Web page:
Cooperative Principles

The co-operative principles are guidelines by which co-operatives put their values into practice.

First Principle: Voluntary and Open Membership
Co-operatives are voluntary organizations, open to all persons able to use their services and willing to accept the responsibilities of membership, without gender, social, racial, political, or religious discrimination.
Second Principle: Democratic Member Control
Co-operatives are democratic organizations controlled by their members, who actively participate in setting their policies and making decisions. Men and women serving as elected representatives are accountable to the membership. In primary co-operatives members have equal voting rights (one member, one vote) and co-operatives at other levels are organized in a democratic manner.
Third Principle: Member Economic Participation
Members contribute equitably to, and democratically control, the capital of their co-operative. At least part of that capital is usually the common property of the co-operative. They usually receive limited compensation, if any, on capital subscribed as a condition of membership. Members allocate surpluses for any or all of the following purposes: developing the co-operative, possibly by setting up reserves, part of which at least would be indivisible; benefiting members in proportion to their transactions with the co-operative; and supporting other activities approved by the membership.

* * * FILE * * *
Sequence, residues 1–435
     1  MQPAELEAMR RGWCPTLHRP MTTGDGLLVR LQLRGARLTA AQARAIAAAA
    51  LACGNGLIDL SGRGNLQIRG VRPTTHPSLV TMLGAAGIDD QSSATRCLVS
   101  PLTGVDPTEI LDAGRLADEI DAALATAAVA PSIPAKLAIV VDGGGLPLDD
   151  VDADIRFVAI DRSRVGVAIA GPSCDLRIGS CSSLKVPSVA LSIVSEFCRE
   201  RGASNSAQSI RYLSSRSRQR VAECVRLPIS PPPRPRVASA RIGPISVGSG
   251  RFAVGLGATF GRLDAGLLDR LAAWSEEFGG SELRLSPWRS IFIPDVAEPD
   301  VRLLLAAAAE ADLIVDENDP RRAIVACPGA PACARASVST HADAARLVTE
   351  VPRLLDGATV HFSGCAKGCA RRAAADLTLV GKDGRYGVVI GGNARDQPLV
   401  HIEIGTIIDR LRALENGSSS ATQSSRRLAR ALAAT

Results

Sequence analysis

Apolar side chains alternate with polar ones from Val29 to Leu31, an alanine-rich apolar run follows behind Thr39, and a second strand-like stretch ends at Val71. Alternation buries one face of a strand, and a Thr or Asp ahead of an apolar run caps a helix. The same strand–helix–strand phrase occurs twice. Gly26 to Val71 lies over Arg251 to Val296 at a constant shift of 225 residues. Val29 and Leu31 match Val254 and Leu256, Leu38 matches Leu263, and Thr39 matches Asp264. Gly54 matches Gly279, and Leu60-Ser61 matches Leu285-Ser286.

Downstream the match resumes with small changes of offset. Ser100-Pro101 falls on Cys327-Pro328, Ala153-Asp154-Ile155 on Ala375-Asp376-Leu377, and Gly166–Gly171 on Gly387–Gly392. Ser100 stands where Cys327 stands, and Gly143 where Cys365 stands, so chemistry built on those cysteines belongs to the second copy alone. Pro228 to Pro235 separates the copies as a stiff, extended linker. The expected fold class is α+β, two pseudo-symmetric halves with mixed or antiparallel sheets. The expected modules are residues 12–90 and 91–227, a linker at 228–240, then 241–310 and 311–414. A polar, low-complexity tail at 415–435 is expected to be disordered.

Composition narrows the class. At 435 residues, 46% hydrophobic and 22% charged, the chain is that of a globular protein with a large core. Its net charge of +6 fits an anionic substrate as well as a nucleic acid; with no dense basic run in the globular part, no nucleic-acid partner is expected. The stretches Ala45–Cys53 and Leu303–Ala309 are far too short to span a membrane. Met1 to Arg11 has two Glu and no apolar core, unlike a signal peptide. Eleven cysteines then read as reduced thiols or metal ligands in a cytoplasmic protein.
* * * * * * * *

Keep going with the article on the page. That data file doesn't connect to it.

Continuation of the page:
Fourth Principle: Autonomy and Independence
Co-operatives are autonomous, self-help organizations controlled by their members. If they enter into agreements with other organizations, including governments, or raise capital from external sources, they do so on terms that ensure democratic control by their members and maintain their co-operative autonomy.
Fifth Principle: Education, Training, and Information
Co-operatives provide education and training for their members, elected representatives, managers, and employees so they can contribute effectively to the development of their co-operatives. They inform the general public -- particularly young people and opinion leaders -- about the nature and benefits of co-operation.
Sixth Principle: Cooperation Among Co-operatives
Co-operatives serve their members most effectively and strengthen the co-operative movement by working together through local, national, regional, and international structures.
Seventh Principle: Concern for Community
While focusing on member needs, co-operatives work for the sustainable development of their communities through policies accepted by their members.